How to Introduce a Foster Cat to a Dog?

Fostering a new pet is one of the most rewarding experiences a pet owner can have. The compassionate volunteers who work with shelters and rescue organisations offer a ray of hope for these pets. By welcoming a foster pet into your home, you help them get ready for adoption into a loving family. Even if you only care for a foster pet for a short amount of time, doing so is still a great help to shelters and rescue organisations. 

With the millions of cats that enter shelters every year, there is always a need for volunteers to foster cats. Fostering a cat when you already have a resident pet, in particular a dog, isn’t as difficult as some people may say, according to ZooAwesome. However, everything starts with a proper introduction between the two. This serves as the foundation of the relationship between the two pets, and can make or break the fostering period. 

Before Introducing a Foster Cat to a Resident Dog

It’s important that your resident dog already knows basic obedience training. Being able to control your dog is necessary because you want to eliminate as many variables as possible when you make the introduction. You aren’t going to be sure how the foster cat will react, so you will have your hands full with that – trying to wrangle your dog at the same time is a recipe for frustration. 

You will have to judge whether or not your dog is ready to meet a foster cat. If you have a dog that is naturally good with people and other animals, such as an Australian Shepherd from a registered Australian dog breeder, then you have a better chance of success.

Before the foster cat and resident dog actually meet, you’ll have to make your foster cat as comfortable as possible. Cats typically need to be introduced into a new home slowly, as doing so will reduce the amount of fear the cat will experience. Isolate the foster cat in a safe room for around a week. The safe room should be closed to the resident dog, and it should have everything the cat needs:

  • Scratching post
  • Food and water
  • Litter box
  • Toys and treats

Ideally, you would also have an elevated structure where the cat can hide and rest or simply observe the world around them. Something like a cat condo would work splendidly.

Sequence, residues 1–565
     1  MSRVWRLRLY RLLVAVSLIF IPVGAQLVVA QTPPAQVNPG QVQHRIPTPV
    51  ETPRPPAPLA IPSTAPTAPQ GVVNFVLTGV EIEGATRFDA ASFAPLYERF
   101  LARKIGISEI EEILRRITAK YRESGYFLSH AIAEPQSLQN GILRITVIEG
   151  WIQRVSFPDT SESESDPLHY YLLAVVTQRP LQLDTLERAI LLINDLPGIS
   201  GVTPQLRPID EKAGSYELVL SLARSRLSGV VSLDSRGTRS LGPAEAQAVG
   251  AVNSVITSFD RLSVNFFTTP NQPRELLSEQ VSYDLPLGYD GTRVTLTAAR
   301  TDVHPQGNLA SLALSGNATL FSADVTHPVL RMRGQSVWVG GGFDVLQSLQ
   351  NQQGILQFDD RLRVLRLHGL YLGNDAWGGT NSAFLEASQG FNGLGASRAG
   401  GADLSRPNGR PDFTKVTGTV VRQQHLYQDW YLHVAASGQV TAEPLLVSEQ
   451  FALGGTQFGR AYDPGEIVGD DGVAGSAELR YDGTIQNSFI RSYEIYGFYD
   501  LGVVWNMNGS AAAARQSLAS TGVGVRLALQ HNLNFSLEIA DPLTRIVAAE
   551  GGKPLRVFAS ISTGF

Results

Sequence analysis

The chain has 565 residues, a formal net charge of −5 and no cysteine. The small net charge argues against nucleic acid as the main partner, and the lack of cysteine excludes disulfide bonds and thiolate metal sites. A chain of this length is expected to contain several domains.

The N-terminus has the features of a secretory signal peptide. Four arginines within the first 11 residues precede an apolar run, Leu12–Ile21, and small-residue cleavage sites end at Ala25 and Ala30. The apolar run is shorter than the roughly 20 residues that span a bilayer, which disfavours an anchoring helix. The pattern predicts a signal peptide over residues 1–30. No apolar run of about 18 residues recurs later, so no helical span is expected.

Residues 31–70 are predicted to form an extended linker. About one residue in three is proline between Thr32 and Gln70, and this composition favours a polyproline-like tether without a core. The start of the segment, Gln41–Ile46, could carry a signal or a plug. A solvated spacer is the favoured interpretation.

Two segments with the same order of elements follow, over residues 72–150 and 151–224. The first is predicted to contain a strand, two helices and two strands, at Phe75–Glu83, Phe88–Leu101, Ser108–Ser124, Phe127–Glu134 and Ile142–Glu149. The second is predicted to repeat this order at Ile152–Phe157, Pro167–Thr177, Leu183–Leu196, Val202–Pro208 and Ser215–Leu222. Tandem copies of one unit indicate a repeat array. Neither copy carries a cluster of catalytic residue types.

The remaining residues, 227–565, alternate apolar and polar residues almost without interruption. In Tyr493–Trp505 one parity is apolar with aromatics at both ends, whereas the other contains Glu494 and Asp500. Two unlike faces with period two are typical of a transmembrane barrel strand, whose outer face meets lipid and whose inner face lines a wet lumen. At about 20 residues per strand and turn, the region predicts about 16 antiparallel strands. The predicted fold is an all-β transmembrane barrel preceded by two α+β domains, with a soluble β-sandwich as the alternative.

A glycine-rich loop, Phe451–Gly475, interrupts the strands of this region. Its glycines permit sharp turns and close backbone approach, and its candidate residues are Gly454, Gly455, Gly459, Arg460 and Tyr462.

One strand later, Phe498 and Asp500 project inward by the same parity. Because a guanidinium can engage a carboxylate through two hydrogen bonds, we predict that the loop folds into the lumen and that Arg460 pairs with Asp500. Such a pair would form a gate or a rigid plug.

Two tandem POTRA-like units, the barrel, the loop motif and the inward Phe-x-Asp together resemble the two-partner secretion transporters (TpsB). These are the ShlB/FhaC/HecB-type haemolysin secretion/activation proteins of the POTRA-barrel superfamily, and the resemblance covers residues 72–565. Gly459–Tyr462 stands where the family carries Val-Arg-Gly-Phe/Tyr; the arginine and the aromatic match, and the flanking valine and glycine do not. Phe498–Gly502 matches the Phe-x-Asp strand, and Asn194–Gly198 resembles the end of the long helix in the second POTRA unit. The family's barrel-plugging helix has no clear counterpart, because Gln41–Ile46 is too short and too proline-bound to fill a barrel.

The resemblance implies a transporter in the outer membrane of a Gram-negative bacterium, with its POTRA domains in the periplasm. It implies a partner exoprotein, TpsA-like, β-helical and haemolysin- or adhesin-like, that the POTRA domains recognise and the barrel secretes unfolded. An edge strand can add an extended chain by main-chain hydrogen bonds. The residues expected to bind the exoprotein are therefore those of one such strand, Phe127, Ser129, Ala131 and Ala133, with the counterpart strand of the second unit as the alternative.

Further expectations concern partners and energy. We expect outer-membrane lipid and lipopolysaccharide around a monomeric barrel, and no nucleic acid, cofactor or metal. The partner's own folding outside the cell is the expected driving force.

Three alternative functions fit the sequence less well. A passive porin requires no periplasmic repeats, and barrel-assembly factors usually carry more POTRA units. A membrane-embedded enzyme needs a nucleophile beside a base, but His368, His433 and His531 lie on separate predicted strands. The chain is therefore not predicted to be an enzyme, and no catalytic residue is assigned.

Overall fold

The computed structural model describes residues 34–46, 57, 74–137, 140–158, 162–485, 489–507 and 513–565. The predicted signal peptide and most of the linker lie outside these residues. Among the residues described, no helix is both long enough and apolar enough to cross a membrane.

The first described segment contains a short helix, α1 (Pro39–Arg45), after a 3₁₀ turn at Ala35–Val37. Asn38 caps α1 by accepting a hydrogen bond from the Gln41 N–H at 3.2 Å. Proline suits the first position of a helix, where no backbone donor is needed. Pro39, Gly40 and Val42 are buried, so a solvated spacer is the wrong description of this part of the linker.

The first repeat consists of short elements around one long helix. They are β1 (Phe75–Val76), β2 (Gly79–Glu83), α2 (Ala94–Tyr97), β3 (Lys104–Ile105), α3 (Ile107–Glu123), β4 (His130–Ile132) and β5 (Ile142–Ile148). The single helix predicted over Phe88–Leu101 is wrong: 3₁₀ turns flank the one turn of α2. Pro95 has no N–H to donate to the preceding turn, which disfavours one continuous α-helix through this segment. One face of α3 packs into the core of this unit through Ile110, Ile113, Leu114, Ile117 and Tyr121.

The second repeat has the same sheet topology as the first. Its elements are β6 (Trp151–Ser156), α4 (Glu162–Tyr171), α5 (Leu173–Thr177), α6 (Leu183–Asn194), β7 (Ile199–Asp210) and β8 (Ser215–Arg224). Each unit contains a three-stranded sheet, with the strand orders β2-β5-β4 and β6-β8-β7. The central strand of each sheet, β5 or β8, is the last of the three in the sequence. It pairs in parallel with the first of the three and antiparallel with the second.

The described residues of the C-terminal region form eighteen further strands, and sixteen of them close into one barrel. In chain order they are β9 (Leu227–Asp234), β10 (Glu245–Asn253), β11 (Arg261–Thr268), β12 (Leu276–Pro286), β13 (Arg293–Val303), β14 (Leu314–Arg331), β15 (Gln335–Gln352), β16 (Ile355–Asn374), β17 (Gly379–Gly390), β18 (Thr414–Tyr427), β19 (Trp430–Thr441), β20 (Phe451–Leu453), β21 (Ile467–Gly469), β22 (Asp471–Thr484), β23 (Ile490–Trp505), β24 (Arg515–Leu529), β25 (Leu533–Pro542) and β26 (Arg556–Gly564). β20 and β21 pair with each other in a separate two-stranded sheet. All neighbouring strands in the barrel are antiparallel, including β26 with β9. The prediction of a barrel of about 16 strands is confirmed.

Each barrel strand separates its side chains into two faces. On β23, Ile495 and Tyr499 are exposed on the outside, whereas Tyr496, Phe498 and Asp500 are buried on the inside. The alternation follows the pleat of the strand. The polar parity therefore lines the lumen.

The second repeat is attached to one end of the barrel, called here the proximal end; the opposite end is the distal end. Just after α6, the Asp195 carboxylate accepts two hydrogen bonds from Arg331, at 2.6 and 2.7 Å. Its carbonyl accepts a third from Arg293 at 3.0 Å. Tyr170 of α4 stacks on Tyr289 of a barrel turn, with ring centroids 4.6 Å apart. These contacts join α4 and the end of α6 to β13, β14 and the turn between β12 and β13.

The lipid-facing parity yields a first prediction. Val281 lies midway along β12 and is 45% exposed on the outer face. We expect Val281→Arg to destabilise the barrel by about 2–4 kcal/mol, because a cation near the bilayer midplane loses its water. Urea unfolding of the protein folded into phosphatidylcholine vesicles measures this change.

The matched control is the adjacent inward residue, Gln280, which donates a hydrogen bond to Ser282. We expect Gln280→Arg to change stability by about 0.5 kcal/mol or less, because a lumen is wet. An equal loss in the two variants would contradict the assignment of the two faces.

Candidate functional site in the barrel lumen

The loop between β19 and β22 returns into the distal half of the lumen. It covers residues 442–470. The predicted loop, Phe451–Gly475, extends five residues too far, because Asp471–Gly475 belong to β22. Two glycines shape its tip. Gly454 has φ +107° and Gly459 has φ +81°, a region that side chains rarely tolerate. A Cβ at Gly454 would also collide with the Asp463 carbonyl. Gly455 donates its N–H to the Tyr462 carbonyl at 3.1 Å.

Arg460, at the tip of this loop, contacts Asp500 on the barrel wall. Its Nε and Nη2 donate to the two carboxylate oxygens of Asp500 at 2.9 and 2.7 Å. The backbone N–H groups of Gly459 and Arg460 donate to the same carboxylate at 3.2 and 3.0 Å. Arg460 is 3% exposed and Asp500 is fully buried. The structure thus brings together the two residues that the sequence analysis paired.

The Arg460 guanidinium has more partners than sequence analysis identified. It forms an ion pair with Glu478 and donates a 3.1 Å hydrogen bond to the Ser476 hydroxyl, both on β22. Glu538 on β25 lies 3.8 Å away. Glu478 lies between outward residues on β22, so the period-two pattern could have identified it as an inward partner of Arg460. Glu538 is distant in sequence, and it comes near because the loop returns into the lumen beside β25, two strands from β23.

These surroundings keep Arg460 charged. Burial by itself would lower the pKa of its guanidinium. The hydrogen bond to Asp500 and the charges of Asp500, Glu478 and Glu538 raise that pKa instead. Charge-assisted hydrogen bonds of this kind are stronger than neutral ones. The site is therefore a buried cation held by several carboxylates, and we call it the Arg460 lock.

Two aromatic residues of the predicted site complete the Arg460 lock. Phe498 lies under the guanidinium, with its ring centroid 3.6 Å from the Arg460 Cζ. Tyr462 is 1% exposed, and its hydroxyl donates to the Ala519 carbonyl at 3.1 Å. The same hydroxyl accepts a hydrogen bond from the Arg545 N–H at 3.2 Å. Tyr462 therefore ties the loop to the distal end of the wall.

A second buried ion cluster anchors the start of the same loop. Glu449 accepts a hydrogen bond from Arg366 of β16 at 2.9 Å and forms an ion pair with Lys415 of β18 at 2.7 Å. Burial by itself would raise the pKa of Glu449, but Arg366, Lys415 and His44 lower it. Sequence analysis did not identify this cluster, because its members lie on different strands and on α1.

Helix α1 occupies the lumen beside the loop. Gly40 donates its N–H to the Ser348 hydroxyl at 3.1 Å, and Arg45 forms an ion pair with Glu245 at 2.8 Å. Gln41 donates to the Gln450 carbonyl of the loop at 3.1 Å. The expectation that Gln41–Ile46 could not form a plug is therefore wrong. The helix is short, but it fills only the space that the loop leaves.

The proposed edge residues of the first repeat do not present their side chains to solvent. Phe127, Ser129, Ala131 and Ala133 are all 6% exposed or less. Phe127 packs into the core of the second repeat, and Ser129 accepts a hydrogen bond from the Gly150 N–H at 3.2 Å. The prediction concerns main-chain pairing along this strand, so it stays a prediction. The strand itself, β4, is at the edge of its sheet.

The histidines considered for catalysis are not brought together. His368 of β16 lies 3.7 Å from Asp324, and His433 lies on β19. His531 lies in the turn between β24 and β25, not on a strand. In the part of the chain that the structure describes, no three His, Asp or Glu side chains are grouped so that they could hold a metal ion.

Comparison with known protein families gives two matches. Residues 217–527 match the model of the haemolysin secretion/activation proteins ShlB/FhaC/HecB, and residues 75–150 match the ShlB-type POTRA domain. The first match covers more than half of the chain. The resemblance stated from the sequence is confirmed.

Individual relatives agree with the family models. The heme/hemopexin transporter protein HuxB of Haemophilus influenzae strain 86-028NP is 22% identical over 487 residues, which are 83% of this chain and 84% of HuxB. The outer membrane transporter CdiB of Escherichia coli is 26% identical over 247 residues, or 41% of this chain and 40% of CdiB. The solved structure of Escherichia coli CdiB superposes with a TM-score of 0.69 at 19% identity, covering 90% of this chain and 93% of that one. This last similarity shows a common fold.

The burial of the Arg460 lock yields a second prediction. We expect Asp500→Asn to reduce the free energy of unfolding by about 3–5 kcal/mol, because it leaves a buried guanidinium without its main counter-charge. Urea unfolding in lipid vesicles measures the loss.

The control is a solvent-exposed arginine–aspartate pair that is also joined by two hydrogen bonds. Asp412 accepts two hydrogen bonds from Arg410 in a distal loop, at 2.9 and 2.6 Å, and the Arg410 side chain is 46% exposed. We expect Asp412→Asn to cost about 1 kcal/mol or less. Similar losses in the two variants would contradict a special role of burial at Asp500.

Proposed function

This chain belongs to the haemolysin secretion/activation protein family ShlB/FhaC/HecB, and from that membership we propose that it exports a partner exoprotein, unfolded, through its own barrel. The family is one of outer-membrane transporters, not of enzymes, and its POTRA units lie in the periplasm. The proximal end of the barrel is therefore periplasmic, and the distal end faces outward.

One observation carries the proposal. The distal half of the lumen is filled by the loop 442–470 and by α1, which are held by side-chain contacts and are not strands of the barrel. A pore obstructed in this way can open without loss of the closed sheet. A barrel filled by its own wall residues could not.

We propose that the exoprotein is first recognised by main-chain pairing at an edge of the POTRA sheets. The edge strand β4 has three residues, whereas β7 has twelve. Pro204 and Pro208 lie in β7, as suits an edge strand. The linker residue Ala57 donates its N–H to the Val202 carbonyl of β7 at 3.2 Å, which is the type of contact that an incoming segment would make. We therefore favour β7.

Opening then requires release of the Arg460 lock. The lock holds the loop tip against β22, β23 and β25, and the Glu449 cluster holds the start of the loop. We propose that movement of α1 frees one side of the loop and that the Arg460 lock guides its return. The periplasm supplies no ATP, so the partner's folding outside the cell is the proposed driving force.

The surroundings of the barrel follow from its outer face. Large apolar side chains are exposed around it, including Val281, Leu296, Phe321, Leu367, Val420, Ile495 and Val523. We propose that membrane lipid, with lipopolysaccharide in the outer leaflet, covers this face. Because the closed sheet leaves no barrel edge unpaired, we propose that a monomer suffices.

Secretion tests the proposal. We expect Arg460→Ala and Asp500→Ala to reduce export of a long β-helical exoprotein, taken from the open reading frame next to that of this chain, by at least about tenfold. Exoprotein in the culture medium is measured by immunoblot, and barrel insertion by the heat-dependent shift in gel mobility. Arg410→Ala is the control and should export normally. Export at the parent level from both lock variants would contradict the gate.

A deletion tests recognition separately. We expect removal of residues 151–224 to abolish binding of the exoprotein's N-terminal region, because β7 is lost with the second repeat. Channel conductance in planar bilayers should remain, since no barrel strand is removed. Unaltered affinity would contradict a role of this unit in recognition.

Once the foster cat is calm and relaxed inside the safe room, you can slowly begin to bring the foster cat around other areas of the house while the dog isn’t there. Once the cat is familiar with most areas of the house, then you can try a short introductory session.

Introductory Sessions Between a Foster Cat and Resident Dog

All interaction between the foster cat and the resident dog should be supervised. The first couple of sessions should have the dog on a leash, and ideally, the dog should be told to sit or lie down while the cat is brought into the room. It’s important that the cat be allowed the space to approach or not approach the dog at their own speed. 

Observe how the foster cat and dog react to each other. If you notice any snarling, growling, or baring teeth from the resident dog, immediately separate the two. Try again later on when things have calmed down. 

If their interaction is relatively calm, allow the dog to walk around on-leash for a little while. The cat should be unrestrained for these introductory sessions, so that they can find their own escape route if the dog decides to give chase. Even if the cat and dog do not interact face to face, simply being in the same general area allows them to observe each other and see that the other animal is not a threat. 

If they do have some face to face interaction, the cat and dog will need to establish their relationship. The cat may try to slap or hit the dog on the nose and face. This is typically fine, as the dog is unlikely to be hurt. This is the cat setting up boundaries with the dog. If things go really well, the dog may perform a bow and try to play with the cat. This is a good sign, but you should watch out for the dog getting overexcited. Even an accidental bite and shake may seriously hurt a cat, so separate them before that happens. 

Assuming everything goes well, you can let this session go on for around 15 to 20 minutes. It may seem like a short time, but you will be increasing the length of the sessions as you go along. Once the session is over, return the foster cat to their safe space and allow them to relax. These introductory sessions can be tiring for the cat. 

Things to Remember When Introducing a Foster Cat and Resident Dog

  • Stay relaxed – The foster cat and dog will be looking to you for reassurance. Your mood will set the tone for their encounter. If you’re too excited and try to force them to interact, you may make the situation more tense than it needs to be. The more relaxed you are, the more relaxed they will be. 
  • Give praise and treats – Remember to give positive reinforcement for friendly and calm behaviour. 
  • Set your expectations – Some cats and dogs become inseparable best friends. Some cats and dogs simply tolerate each other with nearly no interaction. Some cats and dogs may never be friends and must be separated most of the time. There’s no guarantee that a foster cat and dog will get along. All you can do is set them up for success. 

Waleed Khalid

A professional writer and a passionate wildlife enthusiast, who is mostly found hooked to his laptop or in libraries researching about the wildlife.

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